The climate is said to try the nerves, and render Europeans fretful and impatient. This is at least a very convenient excuse. One cause probably is that at home Europeans mingle more with their equals, and are obliged to discipline their tempers ; in India they are thrown among persons considered their inferiors, and they give way without restraint. Servants are the parties who suffer chiefly from the want of temper on the part of Europeans. Missionaries are not exempt from this failing. The following extract will shew how it may be best overcome. Colonel Browne writes,

“I had arranged on Mr. Ragland's leaving Madras to take his head-servant into my own employ; and wishing for information as to the rates which ihe man had been in the habit of charging for house supplies, I begged Mr. Ragland to leave me his account book. "He hesitated for a little, but at length gave me the book, saying, while a deep blush overspread his countenance, I am almost ashamed to let you have it, but you must not mind what you will see in it; it is my infirmity. I had seldom looked on such accounts, so methodically arranged, so punctually entered, and exhibiting so clearly every item of each day's expenditure, and at the head of each page was a text of Scriptare, “ Masters, give unto your servants that which is just and equal ; knowing that ye also have a Master in heaven.' Be ye angry, and sin not ; let not the sun go down upon your wrath ;' and others of similar import. It was to this that he had referred ; not indeed in any way ashamed that I should know of his infirmity, but only, as I at once understood, fearing to exalt himself in my estimation by his manner of meeting it. This infirmity, as I never knew till after his decease, was hastiness of temper. Intimate as I had been with bim for years, and constantly associated with him in committee, where unavoidably many things occur very trying to the temper, I had never once observed even a momentary failure. I had, it may be, occasionally neticed a slightly heightened colour, a very transient shadow a feeling of vexation or disappointment ; but on no single occasion do I remember that any such feeling ever found expression in word or gesture. And in this, as I have deeply felt, lay the key of his life, the holy life of which everyone who has ever seen him felt the reality and the power. He lived on the word of God and on prayer.... It was in the word and in prayer that he found strength so wonderfully to master his infirmity.

* Mission to Mysore, p. 36.

In his intercourse with the people, let a Missionary guard most carefully against any outburst of temper. It will rob him of half his usefulness, even although he may be esteemed for other eminent qualities.

A Missionary should seek to be accessible to the people. His house should not resemble that of an official, where none can gain admittance except through the good graces of servants. There should be no savage dogs on the premises, ready to fly at a stranger. Servants should be specially charged to be courteous to any persons who seem to be inquirers.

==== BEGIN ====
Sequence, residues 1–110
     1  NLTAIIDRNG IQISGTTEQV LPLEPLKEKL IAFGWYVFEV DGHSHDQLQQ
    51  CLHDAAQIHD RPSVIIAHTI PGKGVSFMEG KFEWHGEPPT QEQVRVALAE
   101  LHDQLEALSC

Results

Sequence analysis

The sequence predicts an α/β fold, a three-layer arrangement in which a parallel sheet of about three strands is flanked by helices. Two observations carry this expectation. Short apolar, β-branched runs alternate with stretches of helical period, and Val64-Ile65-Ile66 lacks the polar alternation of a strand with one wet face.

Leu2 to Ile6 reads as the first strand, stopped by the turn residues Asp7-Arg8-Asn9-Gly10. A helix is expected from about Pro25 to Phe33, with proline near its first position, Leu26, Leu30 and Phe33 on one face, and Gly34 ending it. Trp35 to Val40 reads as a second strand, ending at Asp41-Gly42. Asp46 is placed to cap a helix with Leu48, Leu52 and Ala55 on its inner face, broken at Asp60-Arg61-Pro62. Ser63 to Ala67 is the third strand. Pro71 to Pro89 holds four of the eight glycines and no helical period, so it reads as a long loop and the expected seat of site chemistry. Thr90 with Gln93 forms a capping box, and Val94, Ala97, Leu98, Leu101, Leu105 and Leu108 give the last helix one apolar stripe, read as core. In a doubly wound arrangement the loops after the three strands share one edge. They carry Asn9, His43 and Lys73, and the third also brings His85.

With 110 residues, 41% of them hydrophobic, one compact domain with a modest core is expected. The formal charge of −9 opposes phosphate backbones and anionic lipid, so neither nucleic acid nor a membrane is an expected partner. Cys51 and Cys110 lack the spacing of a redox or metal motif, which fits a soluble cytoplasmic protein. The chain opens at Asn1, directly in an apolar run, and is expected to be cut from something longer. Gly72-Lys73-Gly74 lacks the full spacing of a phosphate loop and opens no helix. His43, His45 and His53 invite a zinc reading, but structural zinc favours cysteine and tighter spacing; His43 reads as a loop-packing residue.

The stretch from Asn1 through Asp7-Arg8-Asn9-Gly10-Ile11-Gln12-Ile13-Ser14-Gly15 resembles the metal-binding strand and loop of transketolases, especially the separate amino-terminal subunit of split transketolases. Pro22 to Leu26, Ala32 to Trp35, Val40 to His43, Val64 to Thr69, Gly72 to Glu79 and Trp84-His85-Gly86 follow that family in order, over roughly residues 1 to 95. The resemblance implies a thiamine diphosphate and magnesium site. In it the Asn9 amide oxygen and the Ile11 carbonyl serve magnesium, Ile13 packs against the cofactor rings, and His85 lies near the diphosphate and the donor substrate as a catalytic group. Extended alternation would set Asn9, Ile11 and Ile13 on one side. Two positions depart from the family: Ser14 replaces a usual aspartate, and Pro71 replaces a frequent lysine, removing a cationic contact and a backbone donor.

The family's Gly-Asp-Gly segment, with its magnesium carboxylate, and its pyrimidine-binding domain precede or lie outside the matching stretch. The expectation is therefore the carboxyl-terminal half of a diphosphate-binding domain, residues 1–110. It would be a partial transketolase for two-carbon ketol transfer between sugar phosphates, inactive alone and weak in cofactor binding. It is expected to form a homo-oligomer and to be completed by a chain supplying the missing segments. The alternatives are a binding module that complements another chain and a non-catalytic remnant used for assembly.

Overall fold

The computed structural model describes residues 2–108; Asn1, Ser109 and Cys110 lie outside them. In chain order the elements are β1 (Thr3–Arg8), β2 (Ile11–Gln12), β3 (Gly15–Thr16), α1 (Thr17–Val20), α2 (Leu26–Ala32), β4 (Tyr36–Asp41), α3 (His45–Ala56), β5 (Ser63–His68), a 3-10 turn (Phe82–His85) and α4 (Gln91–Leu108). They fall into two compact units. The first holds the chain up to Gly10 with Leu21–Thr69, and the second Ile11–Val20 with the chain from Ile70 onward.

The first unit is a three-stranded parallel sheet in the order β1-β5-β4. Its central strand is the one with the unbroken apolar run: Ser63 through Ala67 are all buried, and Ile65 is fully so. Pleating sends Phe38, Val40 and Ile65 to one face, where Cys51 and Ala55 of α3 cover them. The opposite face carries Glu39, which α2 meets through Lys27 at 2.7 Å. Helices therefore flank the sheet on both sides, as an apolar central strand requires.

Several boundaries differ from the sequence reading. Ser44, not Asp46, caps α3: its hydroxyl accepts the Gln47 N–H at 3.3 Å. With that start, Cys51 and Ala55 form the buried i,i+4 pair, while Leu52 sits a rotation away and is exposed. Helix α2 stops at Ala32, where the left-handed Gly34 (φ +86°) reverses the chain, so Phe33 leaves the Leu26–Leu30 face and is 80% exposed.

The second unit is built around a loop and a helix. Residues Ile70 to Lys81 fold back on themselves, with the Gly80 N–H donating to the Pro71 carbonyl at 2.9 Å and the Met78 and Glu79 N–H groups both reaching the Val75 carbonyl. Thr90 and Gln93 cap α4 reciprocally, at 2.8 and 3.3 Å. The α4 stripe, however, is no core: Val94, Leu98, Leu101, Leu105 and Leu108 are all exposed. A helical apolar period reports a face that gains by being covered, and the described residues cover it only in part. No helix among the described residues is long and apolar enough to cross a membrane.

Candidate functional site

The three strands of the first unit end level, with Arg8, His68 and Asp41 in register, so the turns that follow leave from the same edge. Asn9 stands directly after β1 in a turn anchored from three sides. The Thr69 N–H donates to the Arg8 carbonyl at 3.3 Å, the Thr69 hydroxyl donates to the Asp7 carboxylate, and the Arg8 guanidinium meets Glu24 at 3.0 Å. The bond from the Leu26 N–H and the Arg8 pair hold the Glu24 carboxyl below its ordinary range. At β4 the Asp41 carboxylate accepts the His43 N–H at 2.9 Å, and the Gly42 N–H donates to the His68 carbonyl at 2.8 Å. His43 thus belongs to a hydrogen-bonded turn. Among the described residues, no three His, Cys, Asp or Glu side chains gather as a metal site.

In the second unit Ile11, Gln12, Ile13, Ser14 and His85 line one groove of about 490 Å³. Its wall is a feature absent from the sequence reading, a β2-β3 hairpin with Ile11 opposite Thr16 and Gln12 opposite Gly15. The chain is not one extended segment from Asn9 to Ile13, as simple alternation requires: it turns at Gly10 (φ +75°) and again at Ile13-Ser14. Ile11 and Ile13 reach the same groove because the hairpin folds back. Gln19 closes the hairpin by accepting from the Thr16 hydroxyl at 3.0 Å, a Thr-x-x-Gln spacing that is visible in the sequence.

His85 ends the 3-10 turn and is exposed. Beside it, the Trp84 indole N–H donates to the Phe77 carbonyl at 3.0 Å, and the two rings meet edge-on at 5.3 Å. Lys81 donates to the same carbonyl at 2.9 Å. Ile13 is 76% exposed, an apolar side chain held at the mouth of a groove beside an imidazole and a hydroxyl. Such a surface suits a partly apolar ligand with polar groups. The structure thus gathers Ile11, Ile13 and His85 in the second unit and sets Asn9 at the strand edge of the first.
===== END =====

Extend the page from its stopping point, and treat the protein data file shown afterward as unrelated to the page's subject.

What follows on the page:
Persevering Energy.—There can be no question that the climate of India disposes to indolence; but the

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more one gives way to it, the more does the least exeition become a burden. Obsta principiis. Be suspicious of easy chairs and couches.

There are some men who do four-fold the amount of work got through by others, apparently endowed with equal talents and equally healthy. The following remarks by Sir T. F. Buxton have been often quoted, but as they should indelibly be impressed on the mind of a young Missionary, they are given again

“ The longer I live, the more I am certain that the great difference between men, between the feeble and the powerful, the great and the insignificant, is ENERGY-INVINCIBLE DETERMINATION-a purpose once fixed, and then death or victory. That quality will do any thing that can be done in this world ;--and no talents, no circumstunces, no opportunities, will make a two-legged creature a Man without it.

A judicious arrangement of time is of great consequence. Shakespeare says that a man doubtful which of two things he should first begin, does neither. Sir Walter Scott, writing to a young friend not remarkable for industry, warned him to beware of what the women expressively call dawdling, and to arrange his time as regularly as a Dutch clock, with the hours, half-hours, and quarters, all marked. Plan so that the studies requiring most mental effort may be pursued when the mind is fresh. The least fatiguing subjects can be taken up after meals or in the evening. Remember that the mind is recruited by variety as well as by rest.

Few men went through more work than John Wesley, although it is noticed that he never was in a hurry. His biographer explains it. After describing the work of a day, it is remarked :

“We have given this account at large, as a specimen of his exactness in redeeming the time. Those who have not been intimately acquainted with Mr. Wesley will be surprised at our declaring, what we are persuaded is the truth, that it would be difficult to fix upon a single year in the fifty-three which fol